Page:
AKRON (Jan. 15, 2007) — The National Highway Traffic Safety Administration's (NHTSA) decision to deny the inconsequential noncompliance petition of Union, N.J.-based Foreign Tire Sales Inc. regarding mismarked Chinese-made tires sends a strong message to all companies importing tires into the U.S.
The tires had better meet Department of Transportation (DOT) standards or they likely will be denied sale in this country, and importers may be forced to recall them.
This decision comes at a time when more U.S.-based tire production is being shifted offshore and more foreign tire makers and marketers, including many from China, are looking to increase or initiate sales in the U.S.
The Rubber Manufacturers Association (RMA), which opposed Foreign Tire Sales' request for inconsequential noncompliance, has made compliance with DOT tire standards a top priority.
The association wants to ensure that every tire company, including those importing tires into the U.S., meets all safety and performance standards as required by NHTSA and the Transportation Recall Enhancement, Accountability and Documentation (TREAD) Act.
The issue regarding Foreign Tire Sales involves 18,900 truck tires imported in 2005 and 2006 that did not comply with labeling regulations requiring the sidewall to display a maximum load rating and inflation value for single tire use. The company maintains there is no safety issue relating to single use applications, since the tires are clearly labeled “Dual Use Only” and “Trailer Service Only,” and that its “customers understand that said tires are to be used on container chassis only.”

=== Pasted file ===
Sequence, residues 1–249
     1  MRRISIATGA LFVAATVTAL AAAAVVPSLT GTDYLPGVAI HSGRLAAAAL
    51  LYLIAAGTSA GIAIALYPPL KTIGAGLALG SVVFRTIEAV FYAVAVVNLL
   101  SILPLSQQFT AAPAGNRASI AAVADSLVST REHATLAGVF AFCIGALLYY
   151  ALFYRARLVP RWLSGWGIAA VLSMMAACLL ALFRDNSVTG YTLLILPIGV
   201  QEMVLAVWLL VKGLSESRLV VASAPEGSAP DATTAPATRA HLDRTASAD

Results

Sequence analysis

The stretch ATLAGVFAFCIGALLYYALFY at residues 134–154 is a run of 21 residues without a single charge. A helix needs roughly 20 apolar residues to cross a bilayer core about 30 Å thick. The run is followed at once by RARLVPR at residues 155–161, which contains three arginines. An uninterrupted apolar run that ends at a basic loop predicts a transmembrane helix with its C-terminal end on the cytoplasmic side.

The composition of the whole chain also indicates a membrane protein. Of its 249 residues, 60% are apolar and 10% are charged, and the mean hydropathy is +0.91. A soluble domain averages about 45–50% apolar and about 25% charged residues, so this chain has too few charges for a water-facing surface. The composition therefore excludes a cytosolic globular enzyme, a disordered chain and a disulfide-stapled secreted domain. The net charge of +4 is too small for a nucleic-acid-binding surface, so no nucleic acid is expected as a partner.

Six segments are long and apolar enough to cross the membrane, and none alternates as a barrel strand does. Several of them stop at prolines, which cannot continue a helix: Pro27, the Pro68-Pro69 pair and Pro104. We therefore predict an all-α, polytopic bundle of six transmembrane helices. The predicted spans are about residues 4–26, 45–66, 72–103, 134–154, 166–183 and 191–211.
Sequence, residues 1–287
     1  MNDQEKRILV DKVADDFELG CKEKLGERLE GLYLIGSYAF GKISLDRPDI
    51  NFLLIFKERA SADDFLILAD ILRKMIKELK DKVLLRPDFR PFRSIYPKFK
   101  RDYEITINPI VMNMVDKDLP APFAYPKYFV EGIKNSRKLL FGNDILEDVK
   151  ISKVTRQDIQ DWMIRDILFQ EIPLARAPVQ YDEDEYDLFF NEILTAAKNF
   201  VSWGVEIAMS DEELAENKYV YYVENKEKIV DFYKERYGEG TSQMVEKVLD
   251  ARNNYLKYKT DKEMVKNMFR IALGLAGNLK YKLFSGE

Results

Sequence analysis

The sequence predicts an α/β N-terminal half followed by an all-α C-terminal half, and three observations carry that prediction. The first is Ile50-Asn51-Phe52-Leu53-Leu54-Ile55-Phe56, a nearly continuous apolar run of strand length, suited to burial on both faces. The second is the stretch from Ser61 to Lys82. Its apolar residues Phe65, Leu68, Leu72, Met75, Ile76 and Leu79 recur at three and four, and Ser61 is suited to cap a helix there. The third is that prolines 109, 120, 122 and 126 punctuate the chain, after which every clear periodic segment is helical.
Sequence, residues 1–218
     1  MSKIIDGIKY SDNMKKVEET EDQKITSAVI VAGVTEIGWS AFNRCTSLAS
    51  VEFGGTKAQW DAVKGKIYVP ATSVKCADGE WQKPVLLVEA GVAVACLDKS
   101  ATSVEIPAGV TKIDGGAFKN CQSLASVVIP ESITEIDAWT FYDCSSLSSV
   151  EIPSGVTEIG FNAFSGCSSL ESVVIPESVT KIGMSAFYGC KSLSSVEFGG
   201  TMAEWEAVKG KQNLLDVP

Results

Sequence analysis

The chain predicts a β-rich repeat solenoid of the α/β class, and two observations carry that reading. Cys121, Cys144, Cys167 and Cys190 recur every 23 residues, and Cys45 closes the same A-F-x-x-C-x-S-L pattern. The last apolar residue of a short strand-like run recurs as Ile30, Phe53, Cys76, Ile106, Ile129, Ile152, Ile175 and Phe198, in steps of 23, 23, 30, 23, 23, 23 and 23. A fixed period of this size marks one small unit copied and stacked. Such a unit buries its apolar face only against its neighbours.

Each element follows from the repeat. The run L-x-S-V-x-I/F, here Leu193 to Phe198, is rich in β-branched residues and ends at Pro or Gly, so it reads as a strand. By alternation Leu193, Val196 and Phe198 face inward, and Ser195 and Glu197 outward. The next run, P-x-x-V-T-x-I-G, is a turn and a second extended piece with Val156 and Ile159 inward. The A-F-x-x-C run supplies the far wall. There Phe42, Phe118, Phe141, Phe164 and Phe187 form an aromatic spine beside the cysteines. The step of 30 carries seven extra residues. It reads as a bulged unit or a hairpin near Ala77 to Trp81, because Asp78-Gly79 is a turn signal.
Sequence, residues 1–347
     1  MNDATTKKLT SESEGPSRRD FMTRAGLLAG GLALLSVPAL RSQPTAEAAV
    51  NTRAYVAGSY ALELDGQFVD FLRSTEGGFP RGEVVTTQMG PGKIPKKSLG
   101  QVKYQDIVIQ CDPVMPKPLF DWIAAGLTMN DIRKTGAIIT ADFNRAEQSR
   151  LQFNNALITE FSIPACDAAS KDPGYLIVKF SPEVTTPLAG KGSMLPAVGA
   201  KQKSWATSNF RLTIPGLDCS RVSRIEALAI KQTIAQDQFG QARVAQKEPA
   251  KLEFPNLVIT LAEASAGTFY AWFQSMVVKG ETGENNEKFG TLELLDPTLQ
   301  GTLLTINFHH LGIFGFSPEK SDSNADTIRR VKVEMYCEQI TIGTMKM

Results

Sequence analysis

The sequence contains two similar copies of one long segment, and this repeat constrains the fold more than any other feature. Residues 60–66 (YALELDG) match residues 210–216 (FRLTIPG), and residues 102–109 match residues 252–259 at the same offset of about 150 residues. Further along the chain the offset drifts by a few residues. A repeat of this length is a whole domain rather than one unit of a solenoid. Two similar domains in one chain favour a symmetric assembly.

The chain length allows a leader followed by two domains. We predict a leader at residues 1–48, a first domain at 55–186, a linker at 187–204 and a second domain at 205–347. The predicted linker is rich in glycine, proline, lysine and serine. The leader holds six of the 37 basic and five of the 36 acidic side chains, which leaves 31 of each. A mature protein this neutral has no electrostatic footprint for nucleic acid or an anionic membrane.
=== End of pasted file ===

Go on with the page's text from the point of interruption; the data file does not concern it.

NHTSA disagreed, stating “there is no guarantee these tires may not eventually be placed on a single-load application, since the tires are capable of being mounted and used in that manner.”
Using these tires in a single-load application, NHTSA said, “could lead to confusion because the consumer would not be presented with the relevant information regarding the load-pressure relationship suitable for such application. In turn this situation could lead to possible overloading of the tire, because the operator would be forced to attempt to independently calculate the maximum load rating for the tire in a single-load application.”
Foreign Tire Sales may well be right in its position that the lack of the NHTSA-required single load-carrying designation on the tires would have no safety implications. It has one more chance to appeal its case to NHTSA and should that fail, it would have to recall the tires.
Regardless of the final outcome, the message is clear. NHTSA's responsibility is to uphold federal safety regulations designed to protect the motoring public. Anyone shipping tires in or to the U.S., whether made domestically or imported, had better comply with those standards.